Richard MacManus has published some striking statistics about Digg, supplied to him by the site Diggtrends. The data reveal that of Digg’s 445,000 registered users, only 2,287 contributed any stories to the site during the last six weeks. But here are the real eye-openers: The top 100 users contributed fully 55% of the stories that appeared on the site’s front page, and the top 10 users – yep, you can count ’em on your own two hands – contributed a whopping 30% of the front page stories. Peer production? I think a better term for it would be peerage production.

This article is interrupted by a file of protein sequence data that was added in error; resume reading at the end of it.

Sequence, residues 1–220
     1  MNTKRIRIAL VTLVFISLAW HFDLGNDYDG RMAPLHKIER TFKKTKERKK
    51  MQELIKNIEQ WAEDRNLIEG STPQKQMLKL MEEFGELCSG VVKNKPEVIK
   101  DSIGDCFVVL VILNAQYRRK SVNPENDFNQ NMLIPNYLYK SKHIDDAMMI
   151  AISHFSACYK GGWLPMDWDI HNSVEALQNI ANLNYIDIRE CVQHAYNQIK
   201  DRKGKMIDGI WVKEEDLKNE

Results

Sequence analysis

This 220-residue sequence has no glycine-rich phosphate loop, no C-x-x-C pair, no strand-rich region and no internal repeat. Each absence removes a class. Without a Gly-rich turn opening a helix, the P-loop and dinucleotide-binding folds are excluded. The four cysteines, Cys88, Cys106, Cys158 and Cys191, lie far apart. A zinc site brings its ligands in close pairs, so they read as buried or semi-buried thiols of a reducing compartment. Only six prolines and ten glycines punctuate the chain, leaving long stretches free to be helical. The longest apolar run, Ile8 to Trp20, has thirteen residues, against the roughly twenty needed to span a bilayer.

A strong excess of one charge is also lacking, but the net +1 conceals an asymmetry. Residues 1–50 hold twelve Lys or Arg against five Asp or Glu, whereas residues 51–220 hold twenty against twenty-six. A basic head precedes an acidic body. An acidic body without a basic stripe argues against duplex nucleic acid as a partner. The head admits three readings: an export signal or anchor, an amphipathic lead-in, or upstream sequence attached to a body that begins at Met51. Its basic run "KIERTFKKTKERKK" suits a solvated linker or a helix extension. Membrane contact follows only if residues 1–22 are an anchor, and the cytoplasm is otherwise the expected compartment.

Diggtrends also reports, according to MacManus, that there was a sudden and dramatic increase in user submissions after Jason Calacanis made his offer to pay top social bookmarkers. Digg users, says Diggtrends, “have realized the value of being a top user and probably are aiming for Netscape money.” No doubt there are such things as reputational capital and attention capital, and people will compete for them. But they’ll compete harder for cash. With cash, after all, you can actually buy stuff.